The Taxil hoax was an ongoing hoax from 1885 to 1897 , which involved an alleged disclosure of secret satanic rites of Freemasonry by Léo Taxil (1854–1907). After Taxil's exclusion from Freemasonry, he drew financial benefit from the suspicion of the Roman Catholic Church towards Freemasonry through his fraud and at the same time was able to satisfy his aversion to both sides.
On April 20, 1884, Pope Leo XIII published an encyclical Humanum genus , which postulated that humanity was made up of two different, opposing parts; one fights steadfastly for truth and virtue , the other for lies and vice. One is the kingdom of God on earth, the Church of Jesus Christ , the other is the kingdom of Satan , led or supported by Freemasonry.
Previously widely known as a fighter against Catholicism , according to this encyclical in 1885, Taxil supposedly publicly opted for Catholicism and declared that he wanted to make good the damage it caused to the true faith. In addition, he announced that he would go to a Trappist monastery . This impressed the apostolic nuncio in Paris so much that he asked him to use his skills as a writer in the service of Rome. Taxil obtained an audience with Pope Leo XIII at the beginning of his anti-Masonic campaign. Taxil's intention was either to publicly slander Freemasonry for having disfellowshipped him after three visits for unclean business, or to embarrass the Roman Catholic Church.
The first book Les frères Trois-Points (1885) was the four-volume story of Freemasonry, freely invented in larger passages, containing fictional eyewitness accounts of a supposedly androgynous "Palladian Freemasonry" with Luciferian orgies and black masses .
In 1891 he published the book Les Sœurs Maçonnes , in which he devised "palladistic satanic boxes" and Éliphas Lévis Baphomet , an androgynous figure, from 1854 took up. An invented Sophie Walder is said to be the Palladistic grandmaster and "great-grandmother of the Antichrist".
Together with Taxil, the German Dr. Karl Hacks under the pseudonym “Dr. Bataille ”in 200 sequels, the work entitled Devil in the Nineteenth Century , which had 10,000 subscribers. The work contains many implausible claims. A Diana Vaughan, born in 1874, was invented, who is said to have been the daughter of the "Devil Bitru". When she was ten, she was consecrated to Satan and accepted into an American Palladian box. Her encounters with incarnated demons were also described, one is said to have written prophecies on her back with his tail , another demon in the form of a crocodile played the piano. She would later have resigned when one day she professed to worship Joan of Arc , by whose name the demons would have been put to flight. As Diana Vaughan, Taxil published her supposed memoirs of an ex-Palladist and a book called Eucharistic Novena , a collection of prayers praised by the Pope. In 1896 it was the focus of the Trento Anti-Freemason Congress in the residence of the Prince-Bishop of Trento , Eugenio Carlo Valussi. This congress was opened after the publication of the encyclical Praeclara gratulationis publicae by Pope Leo XIII. at the request of the President of the Italian Anti-Masonic League Gullino Luigi on September 27th. 36 bishops, episcopal delegates, cardinals and more than 700 mostly spiritual envoys were present.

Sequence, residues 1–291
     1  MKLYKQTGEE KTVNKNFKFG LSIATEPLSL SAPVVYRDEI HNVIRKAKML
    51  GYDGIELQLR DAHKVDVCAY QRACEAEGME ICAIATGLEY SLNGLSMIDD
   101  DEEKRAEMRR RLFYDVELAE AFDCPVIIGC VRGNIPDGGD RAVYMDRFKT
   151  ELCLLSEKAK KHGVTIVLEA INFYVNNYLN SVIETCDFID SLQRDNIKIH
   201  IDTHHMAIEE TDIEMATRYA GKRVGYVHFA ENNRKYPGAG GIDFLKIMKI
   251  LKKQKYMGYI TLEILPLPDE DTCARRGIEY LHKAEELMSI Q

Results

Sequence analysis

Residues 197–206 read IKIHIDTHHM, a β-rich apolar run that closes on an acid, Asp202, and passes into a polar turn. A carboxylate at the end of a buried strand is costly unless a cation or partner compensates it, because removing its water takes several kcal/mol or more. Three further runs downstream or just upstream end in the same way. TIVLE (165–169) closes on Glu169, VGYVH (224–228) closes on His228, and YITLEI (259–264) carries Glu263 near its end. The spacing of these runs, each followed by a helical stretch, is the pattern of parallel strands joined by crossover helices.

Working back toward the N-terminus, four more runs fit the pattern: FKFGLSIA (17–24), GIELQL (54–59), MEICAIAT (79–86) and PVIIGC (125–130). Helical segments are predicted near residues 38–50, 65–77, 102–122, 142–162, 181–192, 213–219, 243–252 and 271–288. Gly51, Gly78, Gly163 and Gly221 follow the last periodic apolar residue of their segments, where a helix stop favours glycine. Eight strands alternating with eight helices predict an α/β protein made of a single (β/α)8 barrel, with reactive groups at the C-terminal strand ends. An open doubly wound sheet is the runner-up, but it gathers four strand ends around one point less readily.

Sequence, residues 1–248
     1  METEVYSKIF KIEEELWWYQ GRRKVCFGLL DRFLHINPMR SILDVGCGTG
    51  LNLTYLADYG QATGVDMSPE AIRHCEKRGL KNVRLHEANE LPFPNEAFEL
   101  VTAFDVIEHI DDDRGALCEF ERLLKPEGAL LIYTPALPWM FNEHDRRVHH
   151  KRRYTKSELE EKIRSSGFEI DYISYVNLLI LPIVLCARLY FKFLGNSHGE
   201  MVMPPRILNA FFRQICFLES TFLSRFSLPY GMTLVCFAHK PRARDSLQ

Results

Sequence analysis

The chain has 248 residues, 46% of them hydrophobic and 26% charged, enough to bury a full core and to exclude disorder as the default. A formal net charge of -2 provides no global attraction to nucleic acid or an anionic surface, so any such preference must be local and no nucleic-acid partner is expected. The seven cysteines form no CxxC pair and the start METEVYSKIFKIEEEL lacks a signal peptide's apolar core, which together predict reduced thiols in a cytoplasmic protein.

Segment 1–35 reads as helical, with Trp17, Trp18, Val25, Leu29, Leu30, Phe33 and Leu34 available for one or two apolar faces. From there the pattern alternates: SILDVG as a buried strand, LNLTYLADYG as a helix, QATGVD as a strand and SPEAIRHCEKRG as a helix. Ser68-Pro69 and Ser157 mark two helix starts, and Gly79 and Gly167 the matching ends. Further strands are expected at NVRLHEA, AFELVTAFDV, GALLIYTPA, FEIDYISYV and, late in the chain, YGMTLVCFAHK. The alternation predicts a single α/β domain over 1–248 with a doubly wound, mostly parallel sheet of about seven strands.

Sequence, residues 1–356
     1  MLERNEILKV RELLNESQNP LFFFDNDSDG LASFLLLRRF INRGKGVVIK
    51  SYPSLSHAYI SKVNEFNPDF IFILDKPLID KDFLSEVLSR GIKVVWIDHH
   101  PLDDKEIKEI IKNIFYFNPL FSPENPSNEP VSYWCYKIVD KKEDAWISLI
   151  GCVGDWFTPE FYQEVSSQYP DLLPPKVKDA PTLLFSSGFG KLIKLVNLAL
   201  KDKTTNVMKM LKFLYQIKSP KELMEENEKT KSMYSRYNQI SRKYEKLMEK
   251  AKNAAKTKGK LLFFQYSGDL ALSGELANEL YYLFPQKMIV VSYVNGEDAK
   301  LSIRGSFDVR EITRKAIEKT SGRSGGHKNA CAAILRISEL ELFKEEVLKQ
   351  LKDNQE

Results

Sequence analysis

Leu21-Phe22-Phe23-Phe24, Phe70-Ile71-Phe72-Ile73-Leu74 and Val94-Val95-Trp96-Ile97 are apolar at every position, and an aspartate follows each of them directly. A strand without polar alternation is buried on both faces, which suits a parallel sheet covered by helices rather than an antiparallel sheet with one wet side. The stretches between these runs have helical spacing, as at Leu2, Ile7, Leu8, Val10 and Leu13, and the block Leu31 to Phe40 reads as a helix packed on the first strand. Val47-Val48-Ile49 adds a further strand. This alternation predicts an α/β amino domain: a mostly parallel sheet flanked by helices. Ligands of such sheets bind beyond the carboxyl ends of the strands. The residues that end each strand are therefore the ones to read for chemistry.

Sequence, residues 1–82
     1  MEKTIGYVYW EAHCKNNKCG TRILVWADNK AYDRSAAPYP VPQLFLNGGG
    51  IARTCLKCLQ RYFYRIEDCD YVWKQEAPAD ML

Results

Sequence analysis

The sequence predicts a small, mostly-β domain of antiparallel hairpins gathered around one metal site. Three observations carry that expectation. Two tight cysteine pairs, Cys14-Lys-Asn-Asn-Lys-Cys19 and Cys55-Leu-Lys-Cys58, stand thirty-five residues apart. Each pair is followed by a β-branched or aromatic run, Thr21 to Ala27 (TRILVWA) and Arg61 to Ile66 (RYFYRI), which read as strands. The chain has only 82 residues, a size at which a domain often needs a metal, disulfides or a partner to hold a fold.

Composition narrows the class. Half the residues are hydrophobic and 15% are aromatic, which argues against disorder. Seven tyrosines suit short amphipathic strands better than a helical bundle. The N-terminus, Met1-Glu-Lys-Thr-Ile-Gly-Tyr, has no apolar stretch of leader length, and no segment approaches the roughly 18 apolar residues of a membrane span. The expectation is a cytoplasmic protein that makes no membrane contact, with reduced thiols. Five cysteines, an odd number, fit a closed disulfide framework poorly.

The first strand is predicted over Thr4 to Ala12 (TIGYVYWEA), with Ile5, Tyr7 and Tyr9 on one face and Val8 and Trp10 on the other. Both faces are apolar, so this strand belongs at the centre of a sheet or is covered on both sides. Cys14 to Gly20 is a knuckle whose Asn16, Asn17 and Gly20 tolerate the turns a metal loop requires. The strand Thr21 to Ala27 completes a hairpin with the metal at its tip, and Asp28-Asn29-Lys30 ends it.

In 1896 the Catholic Cologne People's Newspaper exposed Taxil as a swindler and Miss Diana Vaughan as his wife. Her editor-in-chief, Hermann Cardauns , held public lectures on “literary curiosities” from 1901, in which he also discussed Taxil in great detail.
On April 19, 1897, Taxil himself revealed in the Geographical Society's hall that his spectacular revelations about Freemasonry were fictional , cynically declared that Diana Vaughan never existed, and thanked the clergy for their support by promoting his wild claims .
To this day the hoax is held to be true by various groups and used against Freemasonry. The fundamentalist Protestant publisher Chick Publications publishes tracts such as The Curse of Baphomets .
- WR Jones: Palladism and the Papacy. An Episode of French Anticlericalism in the Nineteenth Century . In: Journal of Church and State 12, No. 3 (1970), pp. 453-73.
- Eugen Lennhoff, Oskar Posner, Dieter A. Binder: International Freemasons Lexicon. 5th revised and expanded new edition. Herbig Verlag, Munich 2006, ISBN 3-7766-2478-7 .
- Thomas Raff: The devil Bitru, the taxil fraud and the "Simplicissimus". In: Quatuor-Coronati- Jahrbuch 40 (2003) pp. 217-223.
- Manfred Eder: Taxil, Leo. In: Biographisch-Bibliographisches Kirchenlexikon (BBKL). Volume 11, Bautz, Herzberg 1996, ISBN 3-88309-064-6 , Sp. 585-591.
- Josef Schnelle: impostor Léo Taxil. Inventor of fake news . Süddeutsche Zeitung, March 18, 2019. Retrieved January 20, 2019.
- C. achieved great fame outside the Catholic camp through the uncovering of the anti-Freemason swindle by the French Leo Taxil ... In: Biographisch-Bibliographisches Kirchenlexikon , Volume XXII (2003) columns 161–170 Author: Gunnar Anger
- Eugen Lennhoff, Oskar Posner, Dieter A. Binder: Internationales Freemaurer Lexikon . 5th edition 2006. Herbig Verlag, ISBN 978-3-7766-2478-6 . P. 831.
- The Curse of Baphomet at chick.com